Chicago River Planning Process Includes Bike, Boat Rides

Taking community-engaged design beyond folding chairs in the neighborhood rec center.

The Chicago River (Credit: Metropolitan Planning Council)

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“The Chicago River is the city’s most neglected natural resource,” wrote urban planner Robert Cassidy in 1979 in Chicago magazine. “It is overshadowed by Lake Michigan, disdained by environmentalists and outdoorsmen alike, neglected, fouled, and abused by industry and by all the rest of us. Nonetheless, it is the second greatest gift that nature has bestowed on this city.”

After detailing how the “‘blue-collar’ waterway” that threads through the city and suburbs is actively harmed by pollution and negligence, Cassidy suggested that an umbrella group might look out for the complex river system. It prompted a bunch of phone calls to Cassidy: “Where can I sign up?” By October, the new Friends of the Chicago River had its first meeting, with about 100 people in attendance.

Since then, the Friends have worked to improve and protect the river at every level, from public policy to on-the-ground projects. Their efforts are about to get a boost from Great Rivers Chicago, the first comprehensive effort to develop a vision for the city’s river system.

“The Great Rivers project is a great example of how the river has been emerging as a great natural resource,” says Margaret Frisbie, the Friends executive director. “It’s the subject of big high-level conversation because it’s worth having.”

While Chicago is famous for its 27-mile Lake Michigan skyline, it is ultimately a city of rivers. The three that run through Chicago — the Calumet, the Chicago and the Des Plaines — create 157 miles of riverfront that touch 30 different urban neighborhoods.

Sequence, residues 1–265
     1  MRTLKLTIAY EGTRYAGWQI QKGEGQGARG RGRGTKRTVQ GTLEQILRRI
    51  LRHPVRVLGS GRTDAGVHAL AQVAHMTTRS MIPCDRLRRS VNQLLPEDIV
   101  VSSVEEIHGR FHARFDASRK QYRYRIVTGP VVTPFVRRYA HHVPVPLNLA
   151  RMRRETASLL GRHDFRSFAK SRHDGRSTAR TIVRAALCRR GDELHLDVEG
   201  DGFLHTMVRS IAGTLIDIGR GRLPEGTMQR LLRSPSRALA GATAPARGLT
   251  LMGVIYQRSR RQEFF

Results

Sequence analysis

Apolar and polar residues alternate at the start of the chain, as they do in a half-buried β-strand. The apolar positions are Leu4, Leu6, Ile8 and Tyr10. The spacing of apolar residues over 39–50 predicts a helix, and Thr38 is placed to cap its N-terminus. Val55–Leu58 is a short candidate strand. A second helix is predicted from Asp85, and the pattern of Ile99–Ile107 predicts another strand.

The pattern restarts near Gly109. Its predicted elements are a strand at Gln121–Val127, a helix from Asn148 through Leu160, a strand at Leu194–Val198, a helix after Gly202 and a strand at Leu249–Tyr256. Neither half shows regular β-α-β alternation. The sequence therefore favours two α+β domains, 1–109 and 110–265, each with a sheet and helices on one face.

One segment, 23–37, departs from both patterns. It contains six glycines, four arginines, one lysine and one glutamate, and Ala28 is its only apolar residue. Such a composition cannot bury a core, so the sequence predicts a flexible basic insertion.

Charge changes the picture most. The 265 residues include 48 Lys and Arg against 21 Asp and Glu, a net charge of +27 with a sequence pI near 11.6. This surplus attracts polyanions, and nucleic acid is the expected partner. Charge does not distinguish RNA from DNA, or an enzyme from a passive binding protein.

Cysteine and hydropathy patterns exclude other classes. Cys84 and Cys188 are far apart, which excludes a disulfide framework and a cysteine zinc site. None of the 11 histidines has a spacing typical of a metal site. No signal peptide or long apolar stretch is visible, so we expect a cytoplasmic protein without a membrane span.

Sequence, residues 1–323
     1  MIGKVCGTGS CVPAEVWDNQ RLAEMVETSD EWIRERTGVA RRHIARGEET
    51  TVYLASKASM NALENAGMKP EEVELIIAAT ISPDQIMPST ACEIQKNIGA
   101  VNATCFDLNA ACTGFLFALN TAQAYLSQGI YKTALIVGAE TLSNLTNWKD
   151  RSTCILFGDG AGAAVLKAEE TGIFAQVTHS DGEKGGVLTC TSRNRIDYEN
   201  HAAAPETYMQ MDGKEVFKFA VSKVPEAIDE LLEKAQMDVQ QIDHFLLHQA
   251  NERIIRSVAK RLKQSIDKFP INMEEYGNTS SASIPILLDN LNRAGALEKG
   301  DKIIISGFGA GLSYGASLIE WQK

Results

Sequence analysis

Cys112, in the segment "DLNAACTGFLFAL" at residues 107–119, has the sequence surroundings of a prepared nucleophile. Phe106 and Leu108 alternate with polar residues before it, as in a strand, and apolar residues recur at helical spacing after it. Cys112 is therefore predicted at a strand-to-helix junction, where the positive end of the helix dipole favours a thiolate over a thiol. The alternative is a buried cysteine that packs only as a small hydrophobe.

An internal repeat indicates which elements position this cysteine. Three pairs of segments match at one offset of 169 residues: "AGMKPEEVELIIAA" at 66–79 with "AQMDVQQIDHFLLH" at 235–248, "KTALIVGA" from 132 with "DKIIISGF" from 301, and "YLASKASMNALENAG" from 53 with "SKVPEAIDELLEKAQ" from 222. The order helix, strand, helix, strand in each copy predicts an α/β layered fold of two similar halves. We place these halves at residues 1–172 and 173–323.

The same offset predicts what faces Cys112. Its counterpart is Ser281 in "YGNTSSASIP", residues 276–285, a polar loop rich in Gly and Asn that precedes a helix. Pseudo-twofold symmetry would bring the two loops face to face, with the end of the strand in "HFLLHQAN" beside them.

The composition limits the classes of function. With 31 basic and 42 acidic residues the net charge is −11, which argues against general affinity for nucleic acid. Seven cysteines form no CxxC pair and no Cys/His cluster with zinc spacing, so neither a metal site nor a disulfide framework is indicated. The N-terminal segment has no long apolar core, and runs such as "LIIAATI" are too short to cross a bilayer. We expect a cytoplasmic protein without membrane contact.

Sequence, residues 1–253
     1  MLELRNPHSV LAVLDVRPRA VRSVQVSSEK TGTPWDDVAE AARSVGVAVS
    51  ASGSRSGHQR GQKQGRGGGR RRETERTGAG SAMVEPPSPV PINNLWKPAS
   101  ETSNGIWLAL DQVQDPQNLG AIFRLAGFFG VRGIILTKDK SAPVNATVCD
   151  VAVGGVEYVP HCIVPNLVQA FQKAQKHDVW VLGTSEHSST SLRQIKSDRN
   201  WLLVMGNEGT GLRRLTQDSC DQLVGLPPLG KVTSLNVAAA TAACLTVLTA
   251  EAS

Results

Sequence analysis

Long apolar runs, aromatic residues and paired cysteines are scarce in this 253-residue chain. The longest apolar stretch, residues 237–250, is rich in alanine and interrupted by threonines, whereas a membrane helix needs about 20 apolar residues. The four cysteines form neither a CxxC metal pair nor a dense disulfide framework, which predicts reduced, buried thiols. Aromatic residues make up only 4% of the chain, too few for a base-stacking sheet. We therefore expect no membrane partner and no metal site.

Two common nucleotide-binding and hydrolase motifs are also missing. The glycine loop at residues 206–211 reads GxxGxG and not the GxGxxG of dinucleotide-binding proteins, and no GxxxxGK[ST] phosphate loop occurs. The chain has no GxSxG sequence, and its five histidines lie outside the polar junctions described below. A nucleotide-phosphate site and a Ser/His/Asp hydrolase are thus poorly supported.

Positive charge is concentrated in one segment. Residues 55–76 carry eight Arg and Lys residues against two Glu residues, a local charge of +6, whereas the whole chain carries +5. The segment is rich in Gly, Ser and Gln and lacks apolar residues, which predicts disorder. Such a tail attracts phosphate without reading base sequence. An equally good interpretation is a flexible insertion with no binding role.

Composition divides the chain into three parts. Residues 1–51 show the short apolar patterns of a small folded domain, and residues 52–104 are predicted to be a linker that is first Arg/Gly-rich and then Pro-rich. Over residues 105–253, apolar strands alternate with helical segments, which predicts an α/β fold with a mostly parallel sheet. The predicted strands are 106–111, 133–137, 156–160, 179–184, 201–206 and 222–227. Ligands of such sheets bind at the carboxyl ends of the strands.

Led by the Metropolitan Planning Council on behalf of the city of Chicago, and in partnership with Friends of the Chicago River, the plan was partly prompted by the alarm raised years ago about invasive Asian carp threatening Lake Michigan, which the rivers feed into. And because of the diversity of uses — from river boating to running in solace on a wooded trail to marina restaurants — it was important to look at all three rivers together to avoid repetitions and understand the scope of the watershed.

This comes alongside Chicago Mayor Rahm Emanuel’s announcement that placed mostly pre-existing plans to improve lakefront and riverside parks into a framework called “Building on Burnham,” a reference to Daniel Burnham’s 1909 “Plan of Chicago.” That includes the ongoing construction of the Riverwalk, the opening of a new boathouse in Bridgeport, a rails-to-trails project, and separately marked pathways for cyclists and joggers.

The downtown section of the Chicago River is of course the most well-known, a corridor thick with tour boats, water taxis, kayaks and, alongside the Riverwalk, cycling, walking, jogging and dining. But 172,742 residents also live within a quarter mile of a riverfront, and a full 17 million tons of cargo went through the Chicago river system in 2012. These hard-working rivers demand an unusually multifaceted planning strategy.

Josh Ellis, MPC director, says that the team’s 18-month process was boosted by $350,000 in initial grant funding, and reached about 5,500 Chicagoans at more than 95 group interviews and five regional public meetings. The group interviews were with stakeholders like the Chicago Housing Authority, the Field Museum, the Bridgeport neighborhood, and the Recovery on Water rowing team. Sessions weren’t all conducted on folding chairs in a gymnasium either. There was a ride with the Coast Guard, riverfront bike rides and birding field trips in the LaBagh Woods. Planners also loaded and offloaded barges alongside workers.

“We wanted to go out and experience the rivers in the way the people in the region experience them,” says Ellis.

Chicagoans share their hopes for the river at a public meeting. (Credit: Metropolitan Planning Council)

Planners put together an advisory group that includes representatives from business, conservation groups, several units of government, “as well as unlikely folks like the YWCA,” Ellis says. The team also did a historical search for ideas for the rivers that never came to be, and examined why they went dormant. An online survey — where respondents were asked the same set of questions about different segments of the rivers — generated about 3,800 responses. The same five words kept coming up to describe the future respondents wanted to see: active, easy to get to, clean, exercise and parks. Ellis notes how only one of these describes a specific land use; the first three emphasize character.